Latest Update – In 2021-22, the government has not provided a target for the next three years and will amend the FRBM Act to accommodate the higher fiscal deficit. The fiscal deficit is targeted at 6.8% of GDP in 2021-22, down from the revised estimate of 9.5% in 2020-21 (4.6% in 2019-20). In the Union Budget 2021 speech, the Finance Minister has announced the government’s aim to steadily reduce fiscal deficit to 4.5% of GDP by 2025-26.
The Fiscal Responsibility and Budget Management (FRBM) Bill was introduced in the parliament of India in the year 2000 by Atal Bihari Vajpayee Government for providing legal backing to the fiscal discipline to be institutionalized in the country. Subsequently, the FRBM Act was passed in the year 2003. It is an act of the parliament that set targets for the Government of India to establish financial discipline, improve the management of public funds, strengthen fiscal prudence, and reduce its fiscal deficits.
The topic is important for IAS Exam, hence this article will be talking about the FRBM act in detail which will be useful for the civil services exam.
|Are you preparing for UPSC 2021? Complement your preparation for the upcoming exam, check the following links:|
Latest Changes in FRBM Act with Union Budget 2021
- The target of Fiscal deficit at 6.8% of GDP in 2021-22. (Understand what Fiscal Deficit is in the linked article.)
- In 2021-22, the total expenditure proposed by the government is Rs 34,83,236 crore.
- 123 percent change is seen in the expenditure allocated for Jal Jeevan Mission.
- The budget allocation for the welfare of women has seen a drop of 26 percent in comparison to revised estimates 2020-21.
- 52.7 percent increase in allocation for welfare of SCs and 50 percent for STs.
- The allocation for the North Eastern region has been increased by 32.7 percent.
The latest information related to the FRBM Act for the 2021-22 Financial year is given below:
Articles similar to FRBM Act are linked in the table below:
|Interim Budget||Monetary Policy||Analysis of Interim Budget 2019-20|
|Important Economic Terms Related to Union Budget||Economic survey||Taxation in India|
Changes in FRBM Act with Interim Budget 2019-20
The Interim budget for the Financial Year 2019-20 was presented on Feb 1, 2019, in the parliament.
As per the latest data, the following changes have been incorporated :
- Fiscal deficit pegged at 3.4% of GDP for 2019-20.
- In 2019-20, total expenditure rises by 13.30% over 2018-19 RE.
- 35.6% increase in allocation for welfare of SCs, 28% for STs.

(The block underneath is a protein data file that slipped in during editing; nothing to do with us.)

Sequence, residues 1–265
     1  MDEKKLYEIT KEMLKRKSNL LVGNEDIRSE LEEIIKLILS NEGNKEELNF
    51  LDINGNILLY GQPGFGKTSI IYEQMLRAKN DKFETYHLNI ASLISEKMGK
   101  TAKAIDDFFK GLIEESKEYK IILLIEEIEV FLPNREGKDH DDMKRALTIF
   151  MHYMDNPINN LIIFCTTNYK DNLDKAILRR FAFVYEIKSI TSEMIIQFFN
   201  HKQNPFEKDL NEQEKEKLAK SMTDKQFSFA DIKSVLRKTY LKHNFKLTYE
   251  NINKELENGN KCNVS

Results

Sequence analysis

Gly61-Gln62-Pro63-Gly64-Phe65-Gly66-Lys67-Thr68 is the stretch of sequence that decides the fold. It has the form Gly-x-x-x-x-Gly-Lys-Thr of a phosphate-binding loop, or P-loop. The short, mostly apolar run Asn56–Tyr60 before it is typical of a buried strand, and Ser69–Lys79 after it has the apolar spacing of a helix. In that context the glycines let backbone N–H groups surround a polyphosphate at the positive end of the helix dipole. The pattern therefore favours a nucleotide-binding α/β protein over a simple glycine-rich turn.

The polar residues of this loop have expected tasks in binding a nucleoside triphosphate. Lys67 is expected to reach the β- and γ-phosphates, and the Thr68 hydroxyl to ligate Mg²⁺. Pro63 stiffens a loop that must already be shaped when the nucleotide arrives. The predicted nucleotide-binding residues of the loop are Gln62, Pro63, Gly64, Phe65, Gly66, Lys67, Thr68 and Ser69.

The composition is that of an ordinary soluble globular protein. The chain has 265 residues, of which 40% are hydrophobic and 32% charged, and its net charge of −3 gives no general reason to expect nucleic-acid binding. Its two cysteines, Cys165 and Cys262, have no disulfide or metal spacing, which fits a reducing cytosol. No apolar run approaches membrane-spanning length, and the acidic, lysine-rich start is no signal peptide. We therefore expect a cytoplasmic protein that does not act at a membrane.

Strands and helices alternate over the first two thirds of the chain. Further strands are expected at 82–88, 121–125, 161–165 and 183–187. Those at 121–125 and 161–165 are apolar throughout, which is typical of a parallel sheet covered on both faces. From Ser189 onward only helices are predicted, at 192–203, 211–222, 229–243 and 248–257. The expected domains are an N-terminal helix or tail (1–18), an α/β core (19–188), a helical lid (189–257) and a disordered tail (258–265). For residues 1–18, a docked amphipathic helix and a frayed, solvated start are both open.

- Disinvestment target of Rs. 90,000 Crore set for 2019-20 (Learn about Disinvestment Policy in India and DIPAM in the linked article.)
Read the summary of Union Budget 2020 for an upcoming exam in the linked article.
Aspirants can complement their reading with the following related articles:
|Difference Between FERA and FEMA||Difference Between Economics, Economy, Economic and Economical|
|Difference Between Economic Survey and the Union Budget||Difference Between Microeconomics and Macroeconomics|
The information related to the FRBM Act for the 2019-20 Financial year is given below:
This is an important topic in the UPSC exam and other government exams like banking, SSC, RRB, etc.
Why was the FRBM Act passed?
The primary objective was the elimination of revenue deficit and bringing down the fiscal deficit.
The other objectives included:
- Introduction of a transparent system of fiscal management within the country
- Ensuring equitable distribution of debt over the years
- Ensuring fiscal stability in the long run
The act also intended to give the required flexibility to the Central Bank for managing inflation in India.
Features of the FRBM Act
- It was mandated by the act that the following must be placed along with the Budget documents annually in the Parliament:
- Macroeconomic Framework Statement
- Medium Term Fiscal Policy Statement and
- Fiscal Policy Strategy Statement
- It was proposed that the four fiscal indicators i.e, revenue deficit as a percentage of GDP, fiscal deficit as a percentage of GDP, tax revenue as a percentage of GDP, and total outstanding liabilities as a percentage of GDP be projected in the medium-term fiscal policy statement.
Targets and Fiscal Indicators as per the FRBM Act
As per the latest target of the FRBM Act:
- Government is required to limit the fiscal deficit to 3% of the GDP by March 31, 2021.
- Government is required to limit debt of the central government to 40% of the GDP by the year 2024-25.
Committees on the Fiscal Responsibility and Budget Management Act
In the year 2016, the NK Singh committee was set up by the government to review the FRBM Act. The task was to review the performance of the FRBM Act and suggest the necessary changes to the provisions of the act. The recommendations of the committee read that the government must target a fiscal deficit of 3 percent of the GDP in years up to March 31, 2020, subsequently cut it to 2.8 percent in 2020-21 and 2.5 percent by 2023.
Read about NK Singh’s Fiscal Deficit Committee in the linked article.
This article spoke about the FRBM Act, its provisions, and targets. It is a relevant topic for the UPSC 2021 and falls under the topic “Indian Economy and issues relating to planning, mobilization of resources, growth, development and employment” in General Studies Paper 3. It is important to keep reading newspaper articles and editorials on this subject as it can be asked directly or indirectly in the IAS exam. Since there is a plethora of information on this subject, candidates should keep a note of all the points and material they have on this subject neatly classified.
FAQ about Fiscal Responsibility Budget Management
What are the objectives of FRBM Act?
What is the importance of fiscal responsibility?
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